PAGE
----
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EXCLUSIVE: Coolidge Corner Theatre and Alfred P. Sloan's Science on Screen Picks Eight Cinemas

Thompson on Hollywood By Sophia Savage | Thompson on Hollywood July 14, 2011 at 7:42AM

To implement their collaborative Science on Screen programs, The Coolidge Corner Theatre and the Alfred P. Sloan Foundation have selected eight independent non-profit cinemas throughout the US to each receive $7,000 in grant funding. (The eight theaters that will host the programs are listed below.) Each has a strong reputation for contributing to their cultural community. Applicants were asked to pitch program concepts and detail strategies for recruiting speakers and building audiences, and the recipients will each host a minimum of three events during the June 2011-June 2012 period.
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Thompson on Hollywood


To implement their collaborative Science on Screen programs, The Coolidge Corner Theatre and the Alfred P. Sloan Foundation have selected eight independent non-profit cinemas throughout the US to each receive $7,000 in grant funding. (The eight theaters that will host the programs are listed below.) Each has a strong reputation for contributing to their cultural community. Applicants were asked to pitch program concepts and detail strategies for recruiting speakers and building audiences, and the recipients will each host a minimum of three events during the June 2011-June 2012 period.

The Science on Screen initiative pairs feature film and documentary screenings with presentations from science and technology experts and innovators. Among the events proposed by applicants is a pairing of Korean film Poetry and a presentation from a prominent Alzheimer's researcher -- an issue central to the film's narrative. Here is our interview with Poetry director Chang-dong Lee.

The Science on Screen grant recipients are:
• California Film Institute, San Rafael, CA
• Cinema Arts Centre, Huntington, NY
• The Loft Cinema, Tucson, AZ
• Maiden Alley Cinema, Paducah, KY
• Oklahoma City Museum of Art Film Program, Oklahoma City, OK, in conjunction with Circle Cinema, Tulsa, Oklahoma
• Real Art Ways, Hartford, CT
• SIFF Cinema, Seattle, WA
• Tampa Theatre, Tampa, FL
 
The Sloan Foundation's VP of programs, Doron Weber, says; “We are heartened by the enthusiastic response from art house cinemas across the country to sponsor their own Science on Screen programs, and congratulate them along with the Coolidge Corner Theatre for their entrepreneurial  leadership. Many other cinemas may soon follow this pioneering effort to show that science and technology go hand in hand with entertainment, and that each can enrich the other and deepen our understanding as well as our pleasure.”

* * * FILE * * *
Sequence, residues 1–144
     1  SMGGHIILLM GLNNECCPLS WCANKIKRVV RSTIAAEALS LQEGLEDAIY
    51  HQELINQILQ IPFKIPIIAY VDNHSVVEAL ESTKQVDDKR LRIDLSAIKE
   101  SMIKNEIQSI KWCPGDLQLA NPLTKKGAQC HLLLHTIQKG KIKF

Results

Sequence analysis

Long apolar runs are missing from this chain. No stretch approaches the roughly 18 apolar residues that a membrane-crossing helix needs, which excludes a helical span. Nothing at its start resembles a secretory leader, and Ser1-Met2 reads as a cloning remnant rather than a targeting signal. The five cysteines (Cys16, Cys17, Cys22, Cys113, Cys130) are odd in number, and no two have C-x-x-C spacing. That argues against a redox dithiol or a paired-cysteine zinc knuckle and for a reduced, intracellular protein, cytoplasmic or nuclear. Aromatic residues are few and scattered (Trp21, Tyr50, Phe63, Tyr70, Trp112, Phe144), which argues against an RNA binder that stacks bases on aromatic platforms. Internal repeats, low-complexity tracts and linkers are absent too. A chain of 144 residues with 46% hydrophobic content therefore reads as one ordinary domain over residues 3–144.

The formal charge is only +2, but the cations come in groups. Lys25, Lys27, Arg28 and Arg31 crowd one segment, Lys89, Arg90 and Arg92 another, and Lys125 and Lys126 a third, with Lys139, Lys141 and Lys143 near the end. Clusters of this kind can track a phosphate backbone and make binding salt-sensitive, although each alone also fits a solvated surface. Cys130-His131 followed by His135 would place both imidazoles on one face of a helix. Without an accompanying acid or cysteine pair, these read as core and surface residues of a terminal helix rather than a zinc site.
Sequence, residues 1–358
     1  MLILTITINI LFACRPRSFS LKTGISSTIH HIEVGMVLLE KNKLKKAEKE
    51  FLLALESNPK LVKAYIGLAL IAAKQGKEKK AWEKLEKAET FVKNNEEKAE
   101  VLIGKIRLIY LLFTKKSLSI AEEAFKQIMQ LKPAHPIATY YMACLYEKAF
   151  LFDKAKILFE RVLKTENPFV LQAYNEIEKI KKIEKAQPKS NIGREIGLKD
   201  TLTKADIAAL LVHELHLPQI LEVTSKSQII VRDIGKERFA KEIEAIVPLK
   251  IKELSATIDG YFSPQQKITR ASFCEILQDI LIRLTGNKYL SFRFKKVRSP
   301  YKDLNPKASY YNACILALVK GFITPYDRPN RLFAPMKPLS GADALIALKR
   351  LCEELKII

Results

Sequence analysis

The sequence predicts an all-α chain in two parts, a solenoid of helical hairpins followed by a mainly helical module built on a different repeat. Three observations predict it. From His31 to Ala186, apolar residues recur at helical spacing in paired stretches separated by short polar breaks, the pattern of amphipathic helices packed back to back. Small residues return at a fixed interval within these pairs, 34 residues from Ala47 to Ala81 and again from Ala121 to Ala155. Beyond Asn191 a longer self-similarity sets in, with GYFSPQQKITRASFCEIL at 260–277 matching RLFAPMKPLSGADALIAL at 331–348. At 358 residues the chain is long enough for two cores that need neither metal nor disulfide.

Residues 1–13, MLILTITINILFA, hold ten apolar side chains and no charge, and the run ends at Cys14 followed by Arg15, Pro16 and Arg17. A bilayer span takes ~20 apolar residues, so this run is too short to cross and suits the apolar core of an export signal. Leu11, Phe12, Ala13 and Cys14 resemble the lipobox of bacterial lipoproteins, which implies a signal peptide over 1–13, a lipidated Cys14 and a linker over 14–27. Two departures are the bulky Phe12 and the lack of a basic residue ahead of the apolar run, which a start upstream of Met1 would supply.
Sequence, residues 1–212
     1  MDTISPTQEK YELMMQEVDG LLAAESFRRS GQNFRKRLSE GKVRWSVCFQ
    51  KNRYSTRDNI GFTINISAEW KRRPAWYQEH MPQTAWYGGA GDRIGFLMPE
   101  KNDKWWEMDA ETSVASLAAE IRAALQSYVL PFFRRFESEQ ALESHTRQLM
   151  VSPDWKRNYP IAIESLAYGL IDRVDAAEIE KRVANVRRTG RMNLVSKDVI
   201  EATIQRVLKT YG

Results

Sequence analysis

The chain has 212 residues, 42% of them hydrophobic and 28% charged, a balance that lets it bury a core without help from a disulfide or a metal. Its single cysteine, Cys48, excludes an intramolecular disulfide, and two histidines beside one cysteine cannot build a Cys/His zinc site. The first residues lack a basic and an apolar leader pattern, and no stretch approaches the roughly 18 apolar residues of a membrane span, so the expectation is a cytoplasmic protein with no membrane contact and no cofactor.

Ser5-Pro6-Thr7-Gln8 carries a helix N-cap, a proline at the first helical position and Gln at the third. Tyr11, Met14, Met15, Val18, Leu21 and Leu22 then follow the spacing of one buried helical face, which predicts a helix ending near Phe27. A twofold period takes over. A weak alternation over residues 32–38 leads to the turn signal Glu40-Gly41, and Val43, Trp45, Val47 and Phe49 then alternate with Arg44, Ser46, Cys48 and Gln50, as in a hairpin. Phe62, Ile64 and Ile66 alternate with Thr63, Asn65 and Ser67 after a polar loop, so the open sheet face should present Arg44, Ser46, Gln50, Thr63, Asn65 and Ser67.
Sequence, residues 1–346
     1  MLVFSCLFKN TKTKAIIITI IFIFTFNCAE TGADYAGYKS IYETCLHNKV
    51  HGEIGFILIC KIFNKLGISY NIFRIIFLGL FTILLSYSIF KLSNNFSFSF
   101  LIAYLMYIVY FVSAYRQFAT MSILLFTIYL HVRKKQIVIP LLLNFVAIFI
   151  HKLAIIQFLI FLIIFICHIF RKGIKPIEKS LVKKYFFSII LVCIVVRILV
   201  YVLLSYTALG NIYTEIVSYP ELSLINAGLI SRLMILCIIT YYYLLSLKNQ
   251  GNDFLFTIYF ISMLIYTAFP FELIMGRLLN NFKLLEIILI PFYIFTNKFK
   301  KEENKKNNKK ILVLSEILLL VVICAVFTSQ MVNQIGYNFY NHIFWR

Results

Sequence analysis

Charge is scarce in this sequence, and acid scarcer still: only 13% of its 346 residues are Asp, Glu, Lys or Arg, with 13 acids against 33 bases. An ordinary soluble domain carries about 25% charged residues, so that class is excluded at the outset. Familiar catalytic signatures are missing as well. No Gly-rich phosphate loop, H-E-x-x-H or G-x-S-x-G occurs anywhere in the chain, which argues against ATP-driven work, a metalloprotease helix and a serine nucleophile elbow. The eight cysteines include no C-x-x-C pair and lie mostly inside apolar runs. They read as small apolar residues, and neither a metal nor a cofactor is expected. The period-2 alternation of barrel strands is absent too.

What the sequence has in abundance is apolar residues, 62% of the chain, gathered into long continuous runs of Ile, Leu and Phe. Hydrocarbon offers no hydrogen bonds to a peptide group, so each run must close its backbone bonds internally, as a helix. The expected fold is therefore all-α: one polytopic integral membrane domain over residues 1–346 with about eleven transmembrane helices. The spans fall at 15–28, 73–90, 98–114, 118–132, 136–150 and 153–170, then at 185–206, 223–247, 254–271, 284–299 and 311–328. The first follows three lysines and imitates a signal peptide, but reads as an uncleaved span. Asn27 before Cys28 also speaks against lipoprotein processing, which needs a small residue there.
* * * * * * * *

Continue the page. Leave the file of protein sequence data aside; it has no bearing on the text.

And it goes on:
More on the history Science on Screen programs, lauched in Boston in 2005, is below:
 

The Coolidge Corner Theatre launched its Science on Screen series in 2005.  Over the years, the series has a featured an eclectic mix of classic, cult, science fiction, and documentary films, all preceded by a talk on a related scientific and technological subject.  Topics have ranged from how our brains form memories of intense emotional experiences (Eternal Sunshine of the Spotless Mind) to the latest advances in stem cell research (Woody Allen’s Sleeper) to animal mobbing behavior (Hitchcock’s The Birds).
 
The Alfred P. Sloan Foundation saw Science on Screen as an extension of its mission to advance public understanding of science and technology through film, and awarded the Coolidge a $150,000 grant to expand and administer the program nationally.  For over a decade, the Sloan Foundation has partnered with leading film schools and film festivals to support and recognize screenwriters and filmmakers who explore scientific themes in their work.  For the Sloan Foundation, Science on Screen presented a different kind of opportunity to show how science and technology are woven into the fabric of modern life and can help unlock the mysteries of the human heart as well as elucidating the laws of nature and of the built environment.
 
In January, the Sloan Foundation and the Coolidge Corner Theatre launched the national Science on Screen initiative at the fourth annual Art House Convergence, a meeting of representatives from more than 200 North American independent film exhibitors.  The Coolidge distributed a Science on Screen “how-to guide” as a template for theaters, and all U.S.-based, non-profit members of the Art House Convergence were invited to apply for a grant. 


This article is related to: Genres, News, Independents, Documentaries


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Born and raised in Manhattan, Anne Thompson grew up going to the Thalia and The New Yorker and wound up at grad Cinema Studies at NYU. She worked at United Artists and Film Comment before heading west as that magazine's west coast editor. She wrote for the LA Weekly, Sight and Sound, Empire, The New York Times and Entertainment Weekly before serving as West Coast Editor of Premiere. She wrote for The Washington Post, The London Observer, Wired, More, and Vanity Fair, and did staff stints at The Hollywood Reporter and Variety. She eventually took her blog Thompson on Hollywood to Indiewire. She taught film criticism at USC Critical Studies, and continues to host the fall semester of “Sneak Previews” for UCLA Extension.